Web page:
14 septembre 2018
On 11 September 2018, Arnold J handed down his judgment in FRC v Sports Direct, the first case (so far as we are aware) in which the question of client privileged documents in audit working papers has been considered.
The need for a review of audit-related papers in relation to client privilege is a familiar practical challenge in many FRC cases, particularly where there may have been an earlier (potentially privileged) client investigation into alleged fraud or misconduct within the business.
The overall effect (for now – appeals look likely) is that client privileged documents held by the auditors can be provided to the FRC (or other regulator) without infringing the client's privilege. This could have far–reaching implications as to how clients can share with auditors privileged material without the risk that such material will re-surface in a regulatory investigation.
The FRC argued (as they have done in other cases) that client privileged documents were disclosable by the auditors under investigation (and by Sports Direct itself which had been served a production notice under the Audit Enforcement Procedure) because:
This second argument was accepted by Arnold J as representing the current state of the law:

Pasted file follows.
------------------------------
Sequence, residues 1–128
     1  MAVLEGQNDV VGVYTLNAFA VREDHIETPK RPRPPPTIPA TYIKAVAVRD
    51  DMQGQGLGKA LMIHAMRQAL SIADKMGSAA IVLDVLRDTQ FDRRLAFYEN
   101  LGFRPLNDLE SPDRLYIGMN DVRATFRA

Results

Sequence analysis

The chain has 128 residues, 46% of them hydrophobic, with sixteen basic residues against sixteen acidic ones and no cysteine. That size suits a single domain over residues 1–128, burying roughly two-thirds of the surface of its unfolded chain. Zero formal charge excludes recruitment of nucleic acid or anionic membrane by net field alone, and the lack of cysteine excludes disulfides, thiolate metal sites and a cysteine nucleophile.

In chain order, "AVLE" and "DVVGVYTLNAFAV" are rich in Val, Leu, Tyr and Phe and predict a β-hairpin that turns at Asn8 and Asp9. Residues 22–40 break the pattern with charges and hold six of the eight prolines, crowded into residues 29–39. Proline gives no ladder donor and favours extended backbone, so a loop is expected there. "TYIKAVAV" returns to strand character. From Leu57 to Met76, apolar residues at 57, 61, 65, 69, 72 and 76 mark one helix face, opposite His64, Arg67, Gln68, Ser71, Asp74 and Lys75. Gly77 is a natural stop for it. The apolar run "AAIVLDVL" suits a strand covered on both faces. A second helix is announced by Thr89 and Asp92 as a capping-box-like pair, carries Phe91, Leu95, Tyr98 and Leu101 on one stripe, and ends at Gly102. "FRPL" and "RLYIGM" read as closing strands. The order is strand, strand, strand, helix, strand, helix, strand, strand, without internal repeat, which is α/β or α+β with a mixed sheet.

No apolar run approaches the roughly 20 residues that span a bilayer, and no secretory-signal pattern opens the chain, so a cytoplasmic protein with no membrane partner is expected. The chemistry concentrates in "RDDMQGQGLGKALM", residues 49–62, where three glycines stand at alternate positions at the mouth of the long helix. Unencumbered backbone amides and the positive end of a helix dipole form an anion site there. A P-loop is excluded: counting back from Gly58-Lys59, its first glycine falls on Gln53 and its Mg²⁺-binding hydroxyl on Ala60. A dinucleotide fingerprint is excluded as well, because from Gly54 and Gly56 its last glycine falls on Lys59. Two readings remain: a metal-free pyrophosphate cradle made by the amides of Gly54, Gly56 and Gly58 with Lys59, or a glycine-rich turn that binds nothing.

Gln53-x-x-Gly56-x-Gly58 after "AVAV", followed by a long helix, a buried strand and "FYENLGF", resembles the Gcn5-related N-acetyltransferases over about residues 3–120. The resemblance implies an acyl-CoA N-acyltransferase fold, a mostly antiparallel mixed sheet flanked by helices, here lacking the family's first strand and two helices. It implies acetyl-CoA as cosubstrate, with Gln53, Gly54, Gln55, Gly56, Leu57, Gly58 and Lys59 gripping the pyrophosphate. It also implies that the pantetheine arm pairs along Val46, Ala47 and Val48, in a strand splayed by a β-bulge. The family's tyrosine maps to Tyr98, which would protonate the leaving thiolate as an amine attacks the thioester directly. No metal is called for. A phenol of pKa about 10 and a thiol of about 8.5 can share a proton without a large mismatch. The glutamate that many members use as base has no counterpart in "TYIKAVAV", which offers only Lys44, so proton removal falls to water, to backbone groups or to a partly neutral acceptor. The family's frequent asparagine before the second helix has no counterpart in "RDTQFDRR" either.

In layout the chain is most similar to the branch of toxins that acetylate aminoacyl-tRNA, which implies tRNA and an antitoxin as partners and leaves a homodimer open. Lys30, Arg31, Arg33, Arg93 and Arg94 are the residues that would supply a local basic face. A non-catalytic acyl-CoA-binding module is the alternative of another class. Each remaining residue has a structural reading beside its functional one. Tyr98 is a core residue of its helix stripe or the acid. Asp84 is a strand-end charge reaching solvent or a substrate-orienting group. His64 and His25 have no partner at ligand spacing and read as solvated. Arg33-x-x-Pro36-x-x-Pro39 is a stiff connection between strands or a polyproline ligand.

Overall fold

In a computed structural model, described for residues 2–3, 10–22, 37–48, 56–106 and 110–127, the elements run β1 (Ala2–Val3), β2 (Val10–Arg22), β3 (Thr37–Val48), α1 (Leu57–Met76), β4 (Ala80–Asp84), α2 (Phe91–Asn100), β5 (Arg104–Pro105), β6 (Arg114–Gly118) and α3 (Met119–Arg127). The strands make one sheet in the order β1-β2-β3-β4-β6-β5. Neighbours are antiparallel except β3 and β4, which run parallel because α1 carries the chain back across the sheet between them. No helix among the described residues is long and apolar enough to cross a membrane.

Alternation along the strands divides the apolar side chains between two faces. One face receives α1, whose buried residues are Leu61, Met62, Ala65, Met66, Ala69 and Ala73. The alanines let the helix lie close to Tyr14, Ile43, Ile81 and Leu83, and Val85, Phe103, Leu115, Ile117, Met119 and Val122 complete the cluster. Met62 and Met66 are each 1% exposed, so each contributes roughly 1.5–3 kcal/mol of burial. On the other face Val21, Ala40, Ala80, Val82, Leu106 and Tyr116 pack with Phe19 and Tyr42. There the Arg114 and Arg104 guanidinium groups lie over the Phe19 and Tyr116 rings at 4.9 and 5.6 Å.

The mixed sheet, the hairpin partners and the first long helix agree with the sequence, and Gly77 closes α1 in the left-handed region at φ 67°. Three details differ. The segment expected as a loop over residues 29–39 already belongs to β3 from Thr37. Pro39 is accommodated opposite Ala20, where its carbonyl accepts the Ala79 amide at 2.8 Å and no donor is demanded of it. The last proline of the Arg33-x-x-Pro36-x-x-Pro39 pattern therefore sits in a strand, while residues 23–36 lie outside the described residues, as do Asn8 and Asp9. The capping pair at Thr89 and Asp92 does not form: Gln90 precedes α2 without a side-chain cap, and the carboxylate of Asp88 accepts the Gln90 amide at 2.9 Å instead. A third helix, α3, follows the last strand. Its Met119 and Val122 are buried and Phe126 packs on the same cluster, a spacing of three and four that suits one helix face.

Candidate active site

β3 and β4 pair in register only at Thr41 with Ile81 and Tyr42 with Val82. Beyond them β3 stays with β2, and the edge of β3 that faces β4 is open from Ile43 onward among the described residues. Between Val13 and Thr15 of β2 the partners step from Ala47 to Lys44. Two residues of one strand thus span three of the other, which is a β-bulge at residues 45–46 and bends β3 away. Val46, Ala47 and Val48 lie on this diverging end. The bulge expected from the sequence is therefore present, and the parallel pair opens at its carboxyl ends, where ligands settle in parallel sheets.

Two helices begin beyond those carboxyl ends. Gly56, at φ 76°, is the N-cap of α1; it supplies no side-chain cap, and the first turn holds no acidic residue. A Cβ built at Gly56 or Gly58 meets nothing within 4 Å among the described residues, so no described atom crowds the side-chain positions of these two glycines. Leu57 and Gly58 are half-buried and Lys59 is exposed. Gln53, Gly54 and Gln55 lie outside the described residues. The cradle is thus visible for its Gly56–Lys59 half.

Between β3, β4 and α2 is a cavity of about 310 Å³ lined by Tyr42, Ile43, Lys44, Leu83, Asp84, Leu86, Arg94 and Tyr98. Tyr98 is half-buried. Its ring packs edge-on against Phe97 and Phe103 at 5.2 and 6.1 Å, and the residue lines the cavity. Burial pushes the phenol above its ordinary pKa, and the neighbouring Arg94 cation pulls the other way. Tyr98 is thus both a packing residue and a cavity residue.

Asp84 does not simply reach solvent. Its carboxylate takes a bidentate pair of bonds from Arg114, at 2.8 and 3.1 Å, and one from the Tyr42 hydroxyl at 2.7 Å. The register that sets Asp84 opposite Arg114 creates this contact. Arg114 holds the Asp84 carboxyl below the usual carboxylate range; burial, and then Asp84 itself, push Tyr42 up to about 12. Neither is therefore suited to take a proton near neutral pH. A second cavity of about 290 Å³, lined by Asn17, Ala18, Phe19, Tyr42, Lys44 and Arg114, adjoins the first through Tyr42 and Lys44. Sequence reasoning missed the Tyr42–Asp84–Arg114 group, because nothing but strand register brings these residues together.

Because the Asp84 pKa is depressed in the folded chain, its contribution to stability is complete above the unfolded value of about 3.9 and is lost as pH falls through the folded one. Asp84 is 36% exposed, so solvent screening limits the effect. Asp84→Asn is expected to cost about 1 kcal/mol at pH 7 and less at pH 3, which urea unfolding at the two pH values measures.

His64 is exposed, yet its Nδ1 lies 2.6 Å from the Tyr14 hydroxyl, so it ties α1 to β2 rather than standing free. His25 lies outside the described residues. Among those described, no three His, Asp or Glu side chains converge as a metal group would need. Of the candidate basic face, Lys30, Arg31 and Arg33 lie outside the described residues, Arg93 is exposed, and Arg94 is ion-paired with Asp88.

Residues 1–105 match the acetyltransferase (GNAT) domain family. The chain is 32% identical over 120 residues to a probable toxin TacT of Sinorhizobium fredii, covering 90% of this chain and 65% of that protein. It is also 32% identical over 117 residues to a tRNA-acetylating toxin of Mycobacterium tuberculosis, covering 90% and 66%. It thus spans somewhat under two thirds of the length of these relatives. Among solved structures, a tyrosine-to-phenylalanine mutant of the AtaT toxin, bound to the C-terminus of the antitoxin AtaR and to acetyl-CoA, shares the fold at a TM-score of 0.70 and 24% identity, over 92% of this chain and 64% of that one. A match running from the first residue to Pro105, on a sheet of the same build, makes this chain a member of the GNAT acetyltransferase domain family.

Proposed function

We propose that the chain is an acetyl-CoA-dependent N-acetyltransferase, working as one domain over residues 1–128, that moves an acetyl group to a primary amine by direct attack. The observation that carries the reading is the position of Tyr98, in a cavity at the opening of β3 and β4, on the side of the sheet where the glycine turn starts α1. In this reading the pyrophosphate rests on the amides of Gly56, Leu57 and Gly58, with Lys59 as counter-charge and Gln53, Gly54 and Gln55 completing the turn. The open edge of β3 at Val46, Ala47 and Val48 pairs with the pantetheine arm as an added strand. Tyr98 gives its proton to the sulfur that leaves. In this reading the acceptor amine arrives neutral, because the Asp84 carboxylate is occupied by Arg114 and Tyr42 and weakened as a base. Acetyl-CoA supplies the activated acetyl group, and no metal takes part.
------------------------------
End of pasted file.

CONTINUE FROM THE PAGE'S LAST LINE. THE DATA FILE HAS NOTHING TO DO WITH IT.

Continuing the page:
"Thus the production of documents to a regulator by a regulated person solely for the purposes of a confidential investigation by the regulator into the conduct of the regulated person is not an infringement of any legal professional privilege of clients of the regulated person in respect of those documents."
The judge gave leave to appeal on this "infringement" point. The order for production of the documents has been stayed pending the outcome of the appeal.
We understand that the FRC are considering the implications of the decision and will be in touch with parties on affected cases as appropriate.
On the face of it, if upheld, this decision would mean that there is no need for a client privilege review on FRC investigations any more – often a very time-consuming exercise.
But there are significant ramifications for audit clients, particularly in liaising with auditors in relation to privileged investigations, which could make appropriate information-sharing problematic.
Although the FRC investigation phase is confidential, any subsequent enforcement proceedings are not. Equally, documents could be shared between regulators under statutory gateways. There is a substantial risk in such scenarios that privilege will be lost altogether.
A pragmatic solution at this stage would be for the FRC to keep the current practice (withhold client privileged material) until this case goes to appeal, not only in relation to Sports Direct but all other affected cases.
This is a point which may be worth firms discussing with the FRC team sooner rather than later. It is also an issue which audit teams may wish to highlight to their clients, or seek to address expressly in engagement letters.